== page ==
India has banned a further 118 Chinese apps, including AliPay, Baidu, and PUBG Mobile, on grounds that they "are engaged in activities which is prejudicial to sovereignty and integrity of India, defence of India, security of state and public order."
The country's Ministry of Electronics and Information Technology said that it had "credible information" that the apps were being used against India's national interests.
It said it had received complains from "various sources", including the Indian Cyber Crime Coordination Centre and the Ministry of Home Affairs, that the apps were "stealing and surreptitiously transmitting users' data in an authorised manner to servers outside India"
"The compilation of these data, its mining and profiling by elements hostile to national security and defence of India, which ultimately impinges upon the sovereignty and integrity of India, is a matter of deep and immediate concern which requires emergency measures."
India bans 59 apps it says have privacy, national security problems. In a massive coincidence, they’re all ChineseREAD MORE
India banned 59 apps, including WeChat and TikTok, after a June 2020 border skirmish with China.
The new bans go after some of China's most popular apps. They include AliPay, the world's largest mobile payment system with over one billion users; two apps by search giant Baidu; and Alibaba's Taobao, which is China's answer to Amazon.
The highest-profile casualty is arguably PUBG Mobile, the multiplayer battle royale game developed in South Korea, but published by China's Tencent. As of July, India was the game's most popular market, accounting for about a quarter of its global total with 175 million downloads, according to researchers at app-tracking firm Sensor Tower.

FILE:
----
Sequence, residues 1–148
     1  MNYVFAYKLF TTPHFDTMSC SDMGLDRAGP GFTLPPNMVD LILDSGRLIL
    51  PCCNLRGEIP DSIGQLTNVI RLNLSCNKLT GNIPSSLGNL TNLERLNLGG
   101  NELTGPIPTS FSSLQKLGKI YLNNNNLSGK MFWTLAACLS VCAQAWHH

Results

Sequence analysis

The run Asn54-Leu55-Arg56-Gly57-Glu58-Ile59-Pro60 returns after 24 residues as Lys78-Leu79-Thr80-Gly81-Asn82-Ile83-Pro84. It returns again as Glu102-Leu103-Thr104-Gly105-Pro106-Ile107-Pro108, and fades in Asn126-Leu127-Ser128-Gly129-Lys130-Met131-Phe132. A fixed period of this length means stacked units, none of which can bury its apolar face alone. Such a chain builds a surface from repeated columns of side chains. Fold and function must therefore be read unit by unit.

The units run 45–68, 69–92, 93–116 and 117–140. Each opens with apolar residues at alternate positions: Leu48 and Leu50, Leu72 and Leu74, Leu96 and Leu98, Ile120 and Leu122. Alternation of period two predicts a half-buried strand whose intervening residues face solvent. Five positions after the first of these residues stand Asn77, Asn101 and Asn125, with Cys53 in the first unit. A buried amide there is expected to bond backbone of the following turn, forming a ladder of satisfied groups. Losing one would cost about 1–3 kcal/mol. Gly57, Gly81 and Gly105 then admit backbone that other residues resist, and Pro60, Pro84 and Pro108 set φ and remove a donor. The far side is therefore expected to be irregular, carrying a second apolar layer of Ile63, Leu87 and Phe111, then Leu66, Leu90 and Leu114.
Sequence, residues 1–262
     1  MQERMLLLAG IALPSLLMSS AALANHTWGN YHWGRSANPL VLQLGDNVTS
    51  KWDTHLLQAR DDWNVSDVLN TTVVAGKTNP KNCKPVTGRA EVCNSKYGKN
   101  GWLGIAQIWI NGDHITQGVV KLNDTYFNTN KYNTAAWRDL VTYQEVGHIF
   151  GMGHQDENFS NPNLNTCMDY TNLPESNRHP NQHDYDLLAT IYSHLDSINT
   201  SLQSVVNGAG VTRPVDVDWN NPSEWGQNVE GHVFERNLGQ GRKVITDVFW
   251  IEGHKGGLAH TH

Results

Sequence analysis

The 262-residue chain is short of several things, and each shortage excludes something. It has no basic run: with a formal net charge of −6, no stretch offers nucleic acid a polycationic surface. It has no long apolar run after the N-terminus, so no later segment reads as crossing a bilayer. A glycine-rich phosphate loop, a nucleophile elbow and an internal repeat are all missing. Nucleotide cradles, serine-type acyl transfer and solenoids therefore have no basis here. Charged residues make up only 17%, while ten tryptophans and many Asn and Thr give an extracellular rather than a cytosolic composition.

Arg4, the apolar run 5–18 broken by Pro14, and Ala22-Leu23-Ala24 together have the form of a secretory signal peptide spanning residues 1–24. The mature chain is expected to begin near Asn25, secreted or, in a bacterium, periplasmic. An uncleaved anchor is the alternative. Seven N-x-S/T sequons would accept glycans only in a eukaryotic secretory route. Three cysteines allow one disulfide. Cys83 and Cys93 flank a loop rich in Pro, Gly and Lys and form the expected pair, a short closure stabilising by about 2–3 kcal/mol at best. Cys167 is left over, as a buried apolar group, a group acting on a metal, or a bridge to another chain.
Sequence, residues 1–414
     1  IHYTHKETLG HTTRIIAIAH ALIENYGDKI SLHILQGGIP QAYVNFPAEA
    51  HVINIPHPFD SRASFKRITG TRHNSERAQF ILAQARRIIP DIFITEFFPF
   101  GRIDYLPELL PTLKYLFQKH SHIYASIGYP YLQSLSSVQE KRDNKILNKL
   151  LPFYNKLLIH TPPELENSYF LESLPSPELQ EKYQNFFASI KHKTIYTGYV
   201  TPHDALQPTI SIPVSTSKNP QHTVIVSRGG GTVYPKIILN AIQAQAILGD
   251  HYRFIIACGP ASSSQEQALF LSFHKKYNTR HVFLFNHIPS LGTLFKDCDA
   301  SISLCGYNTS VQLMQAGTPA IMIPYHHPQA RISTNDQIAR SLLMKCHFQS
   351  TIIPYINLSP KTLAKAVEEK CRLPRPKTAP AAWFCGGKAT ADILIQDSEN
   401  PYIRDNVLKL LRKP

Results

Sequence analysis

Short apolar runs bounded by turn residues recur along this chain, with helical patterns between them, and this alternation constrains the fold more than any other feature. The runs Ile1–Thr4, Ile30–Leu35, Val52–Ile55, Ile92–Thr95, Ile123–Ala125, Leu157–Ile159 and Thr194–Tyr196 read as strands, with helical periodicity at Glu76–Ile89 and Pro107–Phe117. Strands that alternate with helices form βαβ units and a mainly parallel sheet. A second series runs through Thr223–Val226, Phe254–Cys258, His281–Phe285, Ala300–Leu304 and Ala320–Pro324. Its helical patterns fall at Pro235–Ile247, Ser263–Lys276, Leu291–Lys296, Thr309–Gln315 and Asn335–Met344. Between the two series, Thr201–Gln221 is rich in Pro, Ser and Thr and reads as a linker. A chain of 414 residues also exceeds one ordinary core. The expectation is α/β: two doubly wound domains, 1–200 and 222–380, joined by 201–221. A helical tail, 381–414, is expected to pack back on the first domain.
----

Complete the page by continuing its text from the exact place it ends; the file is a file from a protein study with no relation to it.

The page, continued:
The full list also bans apps related to WeChat, such as its eBook app, WeChat Read, as well as WeChat Work and Government WeChat
This round of bans could also have repercussions beyond China as some of the listed apps have entanglements with significant American companies.
“MARVEL Super War NetEase Games”, for example, is published by a Hong Kong-based company and is the product of a “strategic partnership” with Disney-owned Marvel.
Another banned app, “CamCard for Salesforce”, is sold in the SaaS giant’s appExchange. Salesforce therefore take a slice of sales.
Others, however, have long been flagged as dubious: dating app “Lamour Love All Over The World” has attracted a slew of complaints for initially offering many opportunities to chat with flirtatious women, but users who sign up for a subscription report amorous approaches quickly diminish.
Some apps on the new list don’t seem to do much more than ask for permission to read device storage and to have developers headquartered in China.
The bans follow several days of new confrontations on a disputed border shared by India and China. An Indian army statement on Monday alleged that China carried out "provocative military movements" in the border area under cover of darkness last weekend. ®